The Surprising Benefits of Running Hills

What is a Running Coach? Why Should You Hire One?

Linking up with Runner’s Roundup! Mile by MileConfessions of a Mother RunnerRuns with Pugs, Coach Debbie Runs, and Laura Norris Running

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31 Comments

  1. I tend to be an injury prone runner, so I like to give my body a day off in between runs. I run 3 times a week and that seems to be my happy spot

    1. That’s great that you found a routine that is working well!

  2. My body is happiest when I run 4x a week. I can do 5 but I find that puts too much of a strain not so much on my body but definitely my head! I’ve done a few streaks which are enjoyable but for a short period of time. And I LOVE my rest days. I always hear runners say that they are restless on their rest days. But I totally embrace it, LOL!

    1. I agree Shathiso, those rest days are so important!

  3. Four days per week seems to be my sweet spot- my body responds well to it and it keeps my anxiety quiet. Right now, with our brutal winter and the dark , cold mornings, I’m mostly getting 3 days per week. Ugh.

    1. I can relate Wendy – it’s a tough time of year but looking forward to better running weather soon!

  4. I definitely think it depends on alot of factors like you said. Right now I’ve been running 6 days a week and thats working for me. I like having 1 full rest day! A few years ago I stuck to 3-4 days a week when I was dealing with some injuries.

    1. That makes sense! It is so important to have that rest day!

  5. Working up to 6 days a week but 80% of them are nice and easy paced!! And lots of recovery!

  6. I absolutely love running 6 days a week. Right now I’m recovering from plantar fasciitis (grr) so have worked my way up to 5 days/week after taking some time off. The thing I discovered is that running your easy runs REALLY easy allows you to add in those extra days. I agree with you that beginners should aim for 3 days a week. Nice post!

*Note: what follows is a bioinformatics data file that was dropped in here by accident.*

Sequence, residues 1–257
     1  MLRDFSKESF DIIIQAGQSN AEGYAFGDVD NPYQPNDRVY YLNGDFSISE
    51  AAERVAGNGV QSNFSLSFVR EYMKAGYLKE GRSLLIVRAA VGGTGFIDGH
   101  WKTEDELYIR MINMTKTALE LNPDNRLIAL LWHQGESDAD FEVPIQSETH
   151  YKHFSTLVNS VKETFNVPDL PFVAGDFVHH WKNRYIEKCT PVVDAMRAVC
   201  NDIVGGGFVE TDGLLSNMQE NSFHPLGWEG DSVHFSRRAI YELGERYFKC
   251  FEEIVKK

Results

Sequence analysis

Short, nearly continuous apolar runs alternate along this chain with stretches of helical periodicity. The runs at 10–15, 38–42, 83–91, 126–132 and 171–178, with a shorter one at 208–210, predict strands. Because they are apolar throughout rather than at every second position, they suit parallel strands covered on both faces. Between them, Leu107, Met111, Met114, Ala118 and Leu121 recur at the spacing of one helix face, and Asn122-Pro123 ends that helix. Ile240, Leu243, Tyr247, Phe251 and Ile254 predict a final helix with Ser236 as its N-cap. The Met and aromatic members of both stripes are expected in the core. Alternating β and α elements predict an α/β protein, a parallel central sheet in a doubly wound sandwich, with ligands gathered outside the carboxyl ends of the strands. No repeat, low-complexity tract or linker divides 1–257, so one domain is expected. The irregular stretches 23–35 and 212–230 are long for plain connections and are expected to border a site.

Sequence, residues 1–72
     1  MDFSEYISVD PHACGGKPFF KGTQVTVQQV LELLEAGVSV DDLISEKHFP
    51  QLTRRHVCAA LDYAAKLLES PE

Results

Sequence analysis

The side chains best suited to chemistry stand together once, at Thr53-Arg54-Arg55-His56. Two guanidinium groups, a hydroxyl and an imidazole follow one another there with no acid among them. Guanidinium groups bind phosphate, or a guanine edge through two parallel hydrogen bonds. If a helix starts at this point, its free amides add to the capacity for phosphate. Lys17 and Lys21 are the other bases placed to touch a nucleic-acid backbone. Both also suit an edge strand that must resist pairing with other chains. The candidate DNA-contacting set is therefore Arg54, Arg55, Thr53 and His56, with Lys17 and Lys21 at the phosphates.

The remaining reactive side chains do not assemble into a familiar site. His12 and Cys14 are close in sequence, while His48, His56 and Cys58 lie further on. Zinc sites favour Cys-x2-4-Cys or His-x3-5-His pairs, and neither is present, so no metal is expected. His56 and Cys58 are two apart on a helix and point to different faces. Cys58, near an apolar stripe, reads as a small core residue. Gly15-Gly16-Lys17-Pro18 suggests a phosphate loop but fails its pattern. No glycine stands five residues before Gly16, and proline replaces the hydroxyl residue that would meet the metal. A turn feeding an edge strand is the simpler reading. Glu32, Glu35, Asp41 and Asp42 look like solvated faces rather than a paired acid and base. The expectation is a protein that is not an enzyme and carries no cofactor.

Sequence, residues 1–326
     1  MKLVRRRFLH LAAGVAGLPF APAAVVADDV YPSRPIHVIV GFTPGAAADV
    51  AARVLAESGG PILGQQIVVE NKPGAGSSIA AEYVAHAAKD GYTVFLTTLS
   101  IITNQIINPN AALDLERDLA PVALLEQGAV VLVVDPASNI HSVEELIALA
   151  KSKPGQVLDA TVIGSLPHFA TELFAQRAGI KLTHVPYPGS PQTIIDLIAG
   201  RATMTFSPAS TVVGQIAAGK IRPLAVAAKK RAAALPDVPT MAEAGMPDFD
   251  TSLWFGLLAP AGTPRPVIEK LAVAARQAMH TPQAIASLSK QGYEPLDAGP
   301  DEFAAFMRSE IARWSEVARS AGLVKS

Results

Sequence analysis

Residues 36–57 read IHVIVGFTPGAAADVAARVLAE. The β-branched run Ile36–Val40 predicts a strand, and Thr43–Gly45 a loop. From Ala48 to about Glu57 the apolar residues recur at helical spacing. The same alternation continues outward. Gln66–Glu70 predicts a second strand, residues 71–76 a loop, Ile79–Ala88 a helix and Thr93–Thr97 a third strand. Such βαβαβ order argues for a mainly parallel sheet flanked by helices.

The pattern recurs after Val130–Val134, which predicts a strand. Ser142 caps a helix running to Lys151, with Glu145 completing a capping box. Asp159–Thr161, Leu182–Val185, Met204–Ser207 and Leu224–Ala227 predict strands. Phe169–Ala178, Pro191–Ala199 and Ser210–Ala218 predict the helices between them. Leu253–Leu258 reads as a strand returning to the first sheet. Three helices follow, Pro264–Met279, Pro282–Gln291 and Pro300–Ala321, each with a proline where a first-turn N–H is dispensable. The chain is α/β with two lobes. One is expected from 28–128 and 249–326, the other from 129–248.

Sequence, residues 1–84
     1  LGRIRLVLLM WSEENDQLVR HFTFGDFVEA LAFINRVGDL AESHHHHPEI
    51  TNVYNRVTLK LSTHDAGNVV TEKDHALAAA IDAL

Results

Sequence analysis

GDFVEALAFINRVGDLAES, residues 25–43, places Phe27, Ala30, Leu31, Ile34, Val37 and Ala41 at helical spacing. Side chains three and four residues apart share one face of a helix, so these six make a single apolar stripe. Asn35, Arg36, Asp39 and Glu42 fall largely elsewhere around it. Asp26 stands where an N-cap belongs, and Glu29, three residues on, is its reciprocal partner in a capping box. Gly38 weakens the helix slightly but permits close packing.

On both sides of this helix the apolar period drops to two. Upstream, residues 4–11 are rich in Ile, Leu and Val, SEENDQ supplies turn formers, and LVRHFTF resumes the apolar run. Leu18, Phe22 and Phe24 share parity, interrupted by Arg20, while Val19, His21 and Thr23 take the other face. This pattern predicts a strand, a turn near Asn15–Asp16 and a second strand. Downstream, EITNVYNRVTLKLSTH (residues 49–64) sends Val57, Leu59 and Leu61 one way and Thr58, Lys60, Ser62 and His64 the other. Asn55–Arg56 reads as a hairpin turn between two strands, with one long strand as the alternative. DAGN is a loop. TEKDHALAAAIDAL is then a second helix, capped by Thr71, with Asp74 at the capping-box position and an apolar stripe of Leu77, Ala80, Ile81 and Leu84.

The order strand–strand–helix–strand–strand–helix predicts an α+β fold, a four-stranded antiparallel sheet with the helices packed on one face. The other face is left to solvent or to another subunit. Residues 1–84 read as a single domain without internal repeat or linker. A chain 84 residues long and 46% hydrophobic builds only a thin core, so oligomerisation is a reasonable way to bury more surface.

1. Thanks Jenny! Yes, I agree!

  7. Thanks for these tips! As soon as it warms up in NY I want to get back into running. I always struggle with getting into a routine of it though!

    1. I know, it is tough to stay motivated!

  8. This is such a great guide! I have found that I absolutely cannot run with a mask on (we have really high case numbers so really strict mandates) so I’ve been doing mainly strength and HIIT indoors, but am looking forward to getting back outside when it’s safe to. I always liked doing 3-4 runs per week and then doing yoga or Pilates to really get good stretches in. Thanks for the tips! Love your site!

  9. Great stuff.

    Right now, I am running four days per week. I think I need to stay at this point for a while – I am coming back from a broken ankle and don’t want to rush anything so I can stay as injury-free as possible.

    1. Thanks Jenn! That sounds like a smart gameplan!

  10. I’ve had to take some time off of running due to an injury. I think I’ll start easing back into it in a couple of weeks, start off 2x a week for 1-2 miles. I’ll build up from there. Hopefully I can get back to training for half marathons. When I train, I’m usually running 3-4x a week with cross training.

    1. That is great and sounds like a good plan!

  11. I’m glad to hear you say not to run when sick. I had a running buddy who would insist we should run through a cold but I never would. I felt like it was important to rest my body. I have read that it’s ok to run with a head cold but not a chest cold though. I’d rather rest for both.

    1. That’s good! Better to be safe than sorry!

  12. So good! Thank you, I’ve been wanting to start running for a while and this gives me a good outline of where to begin!

    1. That’s great! I am so glad it was helpful!

  13. I’ve never been a high mileage or daily runner — too many other forms of fitness I enjoy! Right now I’m coming back from illness, so I’m very happy with short runs and 3 x week.

    This is a really great guide!

    1. That is great, Judy. Thanks!

  14. Ahhh, I so needed to read this! As someone that has a love/hate relationship with running, I will over-do it one week and crash the next! Having this gentle reminder that 2 to 3 days per week of running is suggested gives me the breath of relief I need. Thank you for sharing <3

    1. I am so glad it was helpful!

  15. Rest days are like the prize at the end of the week, just to get a little break. And I realized my running improved so much (and less injuries) when I cross-trained! I’ll have to keep all these tips in mind!

    1. Yes, I agree. Rest and cross-training and so important! I’m glad you found it to be helpful!

  16. Five to six days is the sweet spot for me. I cap all my runners at six days; some people can do seven, but most people with jobs and families need time to rest and recover, since we aren’t elites who can nap.